We watch the news and we wake up to the world that is. It is broken. There is real evil here. Left unchecked and unrestrained in any of us it would wreak the eventual destruction of life. It happens every day. And what is done cannot be undone. But what may otherwise become the inevitable end in any situation can be avoided – the story rewritten – by the simple but sustained invasion of heavenly presence in and through the lives of those who belong to God. We go to Him to be saved from our own darkness, and then we participate in the dawning of His kingdom here. Simple, faithful acts of kindness, forgiveness, acceptance, and appropriate and well-timed truth-telling can rewrite a person’s story from one of destruction to one of deliverance. I am watching this happen this week.

A week or two prior to Easter, a friend of mine confessed to me his fantasies of murder. He had been hurt before. He felt altogether unloved (though this may not have been an actuality, it was true in his mind).

A vague suicide note months before had landed him in a mental-psyche ward for three days and an incurred bill of $3000 for what he suggested was liability reasons. He determined never to mention his fantasies or suicidal thoughts to a professional ever again. But he was willing to do so with me. He needed to talk it out. He needed someone to hear the person beneath the pain.

He confessed serial killer tendencies. Days later he had strung up an extension cord.?Ǭ† Wrote the note. Called me in a last-ditch S.O.S. Acknowledged recently that had he easy access to firearms, someone would’ve been dead. I opted out of an Easter Service band rehearsal to pick this guy up and drive around a Minneapolis lake for three hours while he stabilized and made specific plans to make it through another day. Spent most of the time listening and loving. Spoke proactive truth when it seemed appropriate to do so. I have no doubt that death was prevented that night.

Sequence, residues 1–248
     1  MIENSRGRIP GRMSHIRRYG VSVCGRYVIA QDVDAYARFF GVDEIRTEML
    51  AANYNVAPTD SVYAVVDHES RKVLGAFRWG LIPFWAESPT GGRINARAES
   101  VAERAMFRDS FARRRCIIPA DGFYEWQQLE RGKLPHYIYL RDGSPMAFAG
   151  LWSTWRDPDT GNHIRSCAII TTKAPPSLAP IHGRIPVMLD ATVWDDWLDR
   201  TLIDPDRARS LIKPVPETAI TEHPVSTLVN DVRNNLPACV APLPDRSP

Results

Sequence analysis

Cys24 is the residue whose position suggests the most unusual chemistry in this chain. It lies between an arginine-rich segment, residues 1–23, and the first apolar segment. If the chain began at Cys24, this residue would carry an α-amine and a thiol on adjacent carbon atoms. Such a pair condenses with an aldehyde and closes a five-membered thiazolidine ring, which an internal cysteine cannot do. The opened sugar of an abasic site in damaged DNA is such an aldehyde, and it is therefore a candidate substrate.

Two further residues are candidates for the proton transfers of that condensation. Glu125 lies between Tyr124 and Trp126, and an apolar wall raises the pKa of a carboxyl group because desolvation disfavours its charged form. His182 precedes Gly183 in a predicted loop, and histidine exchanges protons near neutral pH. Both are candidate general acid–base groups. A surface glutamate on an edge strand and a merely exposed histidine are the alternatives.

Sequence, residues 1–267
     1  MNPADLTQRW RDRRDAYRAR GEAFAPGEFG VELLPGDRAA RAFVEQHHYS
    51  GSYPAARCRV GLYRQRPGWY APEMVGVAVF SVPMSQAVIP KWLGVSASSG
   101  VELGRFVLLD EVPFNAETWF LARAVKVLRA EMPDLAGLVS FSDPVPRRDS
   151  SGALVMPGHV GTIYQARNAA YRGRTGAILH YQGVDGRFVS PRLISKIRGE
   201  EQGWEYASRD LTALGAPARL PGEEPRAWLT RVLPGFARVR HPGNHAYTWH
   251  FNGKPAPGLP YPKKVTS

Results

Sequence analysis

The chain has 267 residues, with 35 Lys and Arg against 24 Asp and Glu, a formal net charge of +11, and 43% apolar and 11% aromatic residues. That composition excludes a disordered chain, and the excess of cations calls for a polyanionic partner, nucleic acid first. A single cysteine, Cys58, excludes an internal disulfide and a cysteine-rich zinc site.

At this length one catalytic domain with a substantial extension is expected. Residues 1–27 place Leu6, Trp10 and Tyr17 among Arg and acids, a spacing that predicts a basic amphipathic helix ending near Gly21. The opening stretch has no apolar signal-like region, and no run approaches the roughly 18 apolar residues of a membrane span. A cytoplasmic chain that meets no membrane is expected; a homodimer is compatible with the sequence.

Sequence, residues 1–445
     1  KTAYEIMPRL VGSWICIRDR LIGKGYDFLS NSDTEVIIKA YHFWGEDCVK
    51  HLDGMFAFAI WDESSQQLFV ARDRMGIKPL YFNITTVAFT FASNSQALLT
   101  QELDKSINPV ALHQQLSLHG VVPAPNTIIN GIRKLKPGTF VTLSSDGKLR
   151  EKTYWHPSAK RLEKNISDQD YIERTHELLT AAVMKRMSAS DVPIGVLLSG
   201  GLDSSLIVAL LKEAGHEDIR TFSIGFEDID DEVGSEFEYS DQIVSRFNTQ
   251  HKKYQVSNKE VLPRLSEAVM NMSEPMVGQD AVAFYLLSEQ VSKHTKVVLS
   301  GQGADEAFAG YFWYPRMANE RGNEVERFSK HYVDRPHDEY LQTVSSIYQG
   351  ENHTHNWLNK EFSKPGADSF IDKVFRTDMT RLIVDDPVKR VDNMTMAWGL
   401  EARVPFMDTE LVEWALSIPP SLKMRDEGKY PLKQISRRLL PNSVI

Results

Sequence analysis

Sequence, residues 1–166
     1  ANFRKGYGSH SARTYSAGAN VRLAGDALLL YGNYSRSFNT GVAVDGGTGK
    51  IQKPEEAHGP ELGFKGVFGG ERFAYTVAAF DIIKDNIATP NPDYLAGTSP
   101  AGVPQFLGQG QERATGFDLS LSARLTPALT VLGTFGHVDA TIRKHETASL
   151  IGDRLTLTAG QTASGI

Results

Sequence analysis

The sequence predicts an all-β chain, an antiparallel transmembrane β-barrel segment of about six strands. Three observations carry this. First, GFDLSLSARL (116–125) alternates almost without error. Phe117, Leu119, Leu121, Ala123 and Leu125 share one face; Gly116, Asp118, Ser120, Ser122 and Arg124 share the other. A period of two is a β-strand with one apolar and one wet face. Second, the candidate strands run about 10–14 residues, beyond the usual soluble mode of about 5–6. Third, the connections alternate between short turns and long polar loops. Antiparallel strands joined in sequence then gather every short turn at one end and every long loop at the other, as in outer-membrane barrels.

But this was not an isolated incident of redemption. Ten years ago this friend left the church in a spiteful rage. He systematically isolated himself from every Kingdom representative he had ever known. He tried to do the same with me, but I wouldn’t let him. He was my friend, and I loved him, after all. The culmination of ten faithful years of sustained (though not consistent in measure) presence in his life was realized in that evening by the lake and in the daily interaction in weeks that followed. There is now this day the evidence of unfolding redemption in his story.

The potential shedding of blood in and by his life was prevented by the preemptive shedding of Christ’s blood on Calvary. Christ’s selfless love saved me, inspired me, and empowered me to play a part in Christ’s salvation brought to this broken world.

So this causes me to ask a question regarding Virginia Tech: where were God’s people in Cho’s life? Where were the Kingdom representatives? Not all evil can be prevented in this world, but it can be curbed. We do not know of the violence that goes unrealized in the otherwise destructive lives of those who’ve been redeemed by God. How many of us are there in the Kingdom today that might have been perpetrators of these very deeds were it not for the redemption Christ has already brought (and is currently bringing) through our lives?

Never underestimate “unnoticed” acts of kindness. Never assume the little you can do makes no difference. Indeed, Christ knows the force of the revolution He has begun. Let us trust Him to do what He does greatly through that which we can do but feebly.